What to do with "black" money?

The myths about black money in Greece and of Greeks seem to have no limits. Offshore bank deposits are said to be in the 3-digit billion EUR figures. Homes and palaces in Greece were allegedly bought with black money. Other luxury goods as well.

In countries like Austria or Germany, the owners of “black money” have one big problem: they cannot spend it, at least not in their own countries and not in larger amounts. It may be difficult to convert “white” money into “black” money but it is virtually impossible to do the reverse in a larger way.

The solution is simple in the world of IT: cross-checking official records. If someone buys an apartment, a copy of the purchase contract goes to the tax office. The tax office makes a cross-check to the latest income tax statement. If that does not show any income justifying the purchase, the tax office will start asking questions.

A few years ago, Germany even went so far as to allow tax authorities access to private bank accounts without the account holder even knowing about it. When the law was implemented, it created enormous discussion but in the meantime everyone seems to have gotten used to.

No Austrian or German will ever transfer money to, say, Switzerland, via official bank accounts knowing that tax authorities might look into it. If they want to have money offshore (and a lot of them do), then they have to transport it in cash. In contrast, the Bank of Greece has reported that between 2010-11, about 25 BEUR were transferred from private Greek bank accounts to private accounts offshore. Apparently, there is no cross-checking with tax authorities.

No bank should open an account for an offshore company without being informed who the beneficial owner is. That is not Austrian or German law; it is EU law. So if rules are adhered to, there is no way for a former defense minister to live in a house paid for by an offshore company without someone knowing who the beneficial owner of that offshore company is. No bank would accept a larger money transfer from abroad to a private account without questioning the recipient about the source of that money (or perhaps even reporting it to authorities).

About 2 years ago, in the beginning of the crisis, I had a conversation with a Mercedes dealer in Thessaloniki. I said that with the recession and the new tax controls, his sales would probably go down. He said no. I said that tax authorities would now check out every buyer of a Mercedes to see if he could afford one based on official records. He said yes. So, I asked, what is he going to tell them? The dealer said: he will ask the tax inspector what his monthly salary is. And then he will give him a sum of cash which will discourage the tax inspector to ask further questions.

Well, you can’t beat any such informal system!

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4 Responses to What to do with "black" money?

  1. Anonymous says:

    Mr. Kastner, as i have written somewhere on my long replies, the "Unit for Persecuting Financial Fraud", which is the only really working unit in Greece, has about 1200 people only, which have to do all kind of controls. They do have the power to access bank accounts too, without warning, but being so few, they can't do much. That is why they should employ more stuff. A unit only to control bank accounts and lesser pubblic servants to hunt the "street" tax evasion.The Mercedes dealer in Thessaloniki could be bust now. Many car dealers in Greece have gone bankrupt. Many Greece try to sell their car for a lower cc car, because this way they pay less taxes. The trend for black money in the past year, is purchase of real estate abroads. Britain (London very popular, british real estate dealers can't believe their eyes, Greeks are their best customers), France, even Turkey.Also, the greek tax system needs more networking and minimizing of human contact, to avoid bribes. Bandolero.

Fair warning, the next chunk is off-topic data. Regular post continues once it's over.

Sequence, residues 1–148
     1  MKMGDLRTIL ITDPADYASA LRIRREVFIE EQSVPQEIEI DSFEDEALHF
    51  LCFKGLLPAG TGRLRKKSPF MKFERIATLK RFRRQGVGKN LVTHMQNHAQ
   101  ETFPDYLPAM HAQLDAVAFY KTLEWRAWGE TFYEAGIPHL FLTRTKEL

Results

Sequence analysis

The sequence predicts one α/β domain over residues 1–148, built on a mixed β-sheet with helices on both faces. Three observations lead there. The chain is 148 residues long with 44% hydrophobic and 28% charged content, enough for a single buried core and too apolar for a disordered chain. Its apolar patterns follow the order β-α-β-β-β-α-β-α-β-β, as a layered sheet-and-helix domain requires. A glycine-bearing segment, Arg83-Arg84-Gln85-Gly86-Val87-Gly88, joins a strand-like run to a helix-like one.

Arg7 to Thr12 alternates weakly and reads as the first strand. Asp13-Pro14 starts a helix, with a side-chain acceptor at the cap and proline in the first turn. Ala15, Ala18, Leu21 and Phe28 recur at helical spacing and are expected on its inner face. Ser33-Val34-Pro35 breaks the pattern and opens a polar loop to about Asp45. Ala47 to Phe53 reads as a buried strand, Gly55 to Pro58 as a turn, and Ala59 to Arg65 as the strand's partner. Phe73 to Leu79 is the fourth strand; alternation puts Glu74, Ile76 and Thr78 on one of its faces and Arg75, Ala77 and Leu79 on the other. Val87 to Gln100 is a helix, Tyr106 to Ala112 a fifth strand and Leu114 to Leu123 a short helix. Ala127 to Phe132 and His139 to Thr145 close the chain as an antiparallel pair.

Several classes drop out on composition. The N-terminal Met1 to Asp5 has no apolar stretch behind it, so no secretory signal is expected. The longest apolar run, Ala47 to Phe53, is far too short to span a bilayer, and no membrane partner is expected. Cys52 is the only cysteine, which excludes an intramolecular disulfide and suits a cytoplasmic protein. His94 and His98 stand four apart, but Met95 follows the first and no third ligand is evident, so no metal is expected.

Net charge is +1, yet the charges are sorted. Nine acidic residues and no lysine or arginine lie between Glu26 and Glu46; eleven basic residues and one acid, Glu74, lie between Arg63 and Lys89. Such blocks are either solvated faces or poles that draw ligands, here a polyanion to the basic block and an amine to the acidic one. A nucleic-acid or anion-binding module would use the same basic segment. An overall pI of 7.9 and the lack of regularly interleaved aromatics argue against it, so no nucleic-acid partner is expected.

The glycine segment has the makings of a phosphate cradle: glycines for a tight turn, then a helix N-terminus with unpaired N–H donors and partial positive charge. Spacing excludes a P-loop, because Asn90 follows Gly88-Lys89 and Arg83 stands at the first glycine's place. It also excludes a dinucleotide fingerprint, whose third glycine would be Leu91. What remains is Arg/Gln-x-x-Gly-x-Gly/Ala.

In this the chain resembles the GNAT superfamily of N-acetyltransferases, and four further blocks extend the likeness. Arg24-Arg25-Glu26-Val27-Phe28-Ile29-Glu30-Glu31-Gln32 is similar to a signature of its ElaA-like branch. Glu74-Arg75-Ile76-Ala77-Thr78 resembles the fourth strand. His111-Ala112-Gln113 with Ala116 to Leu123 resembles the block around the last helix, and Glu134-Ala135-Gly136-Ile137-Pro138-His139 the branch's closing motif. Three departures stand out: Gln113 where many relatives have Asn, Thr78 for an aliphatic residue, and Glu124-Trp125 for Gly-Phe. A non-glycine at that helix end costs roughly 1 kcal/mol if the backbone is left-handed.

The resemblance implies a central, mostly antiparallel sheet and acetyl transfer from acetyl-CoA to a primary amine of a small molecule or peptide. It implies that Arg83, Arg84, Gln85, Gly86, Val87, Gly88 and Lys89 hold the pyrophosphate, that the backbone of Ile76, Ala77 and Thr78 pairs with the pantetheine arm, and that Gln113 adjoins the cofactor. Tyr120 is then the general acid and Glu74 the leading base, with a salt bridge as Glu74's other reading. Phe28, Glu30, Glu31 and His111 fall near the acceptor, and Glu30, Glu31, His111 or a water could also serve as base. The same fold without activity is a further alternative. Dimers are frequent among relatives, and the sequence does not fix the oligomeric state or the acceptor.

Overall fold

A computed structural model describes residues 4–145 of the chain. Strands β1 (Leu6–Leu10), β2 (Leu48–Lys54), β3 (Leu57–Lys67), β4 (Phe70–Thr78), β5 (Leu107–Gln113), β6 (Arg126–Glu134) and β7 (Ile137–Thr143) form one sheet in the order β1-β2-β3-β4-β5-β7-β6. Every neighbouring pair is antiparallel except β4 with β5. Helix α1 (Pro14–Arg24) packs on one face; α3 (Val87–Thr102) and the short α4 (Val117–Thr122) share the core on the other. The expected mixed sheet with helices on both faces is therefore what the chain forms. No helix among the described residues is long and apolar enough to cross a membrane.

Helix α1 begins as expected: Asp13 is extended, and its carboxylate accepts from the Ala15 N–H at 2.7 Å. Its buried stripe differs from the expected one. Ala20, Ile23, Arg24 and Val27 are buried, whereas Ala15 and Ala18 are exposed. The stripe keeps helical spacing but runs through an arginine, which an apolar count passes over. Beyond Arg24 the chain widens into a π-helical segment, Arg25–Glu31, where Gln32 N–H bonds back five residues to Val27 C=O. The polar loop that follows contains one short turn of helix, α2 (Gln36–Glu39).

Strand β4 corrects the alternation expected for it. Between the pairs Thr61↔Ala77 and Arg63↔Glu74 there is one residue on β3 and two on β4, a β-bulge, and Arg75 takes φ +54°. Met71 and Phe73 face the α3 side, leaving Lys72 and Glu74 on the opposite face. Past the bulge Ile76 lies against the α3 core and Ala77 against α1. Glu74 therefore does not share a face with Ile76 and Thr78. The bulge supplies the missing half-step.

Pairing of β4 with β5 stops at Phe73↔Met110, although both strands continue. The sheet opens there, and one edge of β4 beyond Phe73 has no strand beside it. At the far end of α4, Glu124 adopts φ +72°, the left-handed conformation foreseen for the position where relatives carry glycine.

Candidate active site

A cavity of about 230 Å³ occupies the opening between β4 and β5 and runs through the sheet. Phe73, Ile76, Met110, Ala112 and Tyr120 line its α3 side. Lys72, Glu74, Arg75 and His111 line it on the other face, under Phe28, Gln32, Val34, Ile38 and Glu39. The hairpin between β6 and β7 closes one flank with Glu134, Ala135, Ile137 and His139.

2. Anonymous says:

    Αh, you need to know also something else. To this day, if you have a land property outside the limits of an inhabited area (be it a piece of land or an agricultural area), this area is not included in the "real estate tax". You will be taxated for INCOME that you may be getting out of it (for example you sell olive oil), but not for the fact you have that land. You may as well buy half of Greece's land and this doesn't constitute an indication that you are rich and thus pay for real estate tax.Bandolero.Hint: The biggest concentration of Porsche Cayenne in Greece, was in Larissa, capital of Thessaly and one of the most fertile areas in greek agriculture.

  3. kleingut says:

    I understand that the reason for that was that a Porsche Cayenne counted as a transport vehicle to be subsidized by EU grants. Correct?

  4. Anonymous says:

    Yes, probably, it was EU approved vehicle for nocturnal transportations to and from the buzukia :)Not all farmers are rich or cheat (a friend of mine has olive trees but never got subsidies and keeps them as a hobby because they don't earn him much), but large farm owners since 1980 have made a LOT of money (PASOK used to be called "the party of the farmers"). They also took advantage of illegal immigration in the 90s to further fatten their wallet.And as in all crisis before, there is one thing that never changes: "If you are a farmer, you will not suffer hunger". And if you are a large farm owner, you won't suffer at all. Having a piece of fertile land, historically has been proven in Greece to be the best antidote to any crisis. From war to economic collapse, land never fails you. And in fact, in areas of Greece with big farm owners you can see that the crisis is much less evident than in Athens for example.Bandolero.

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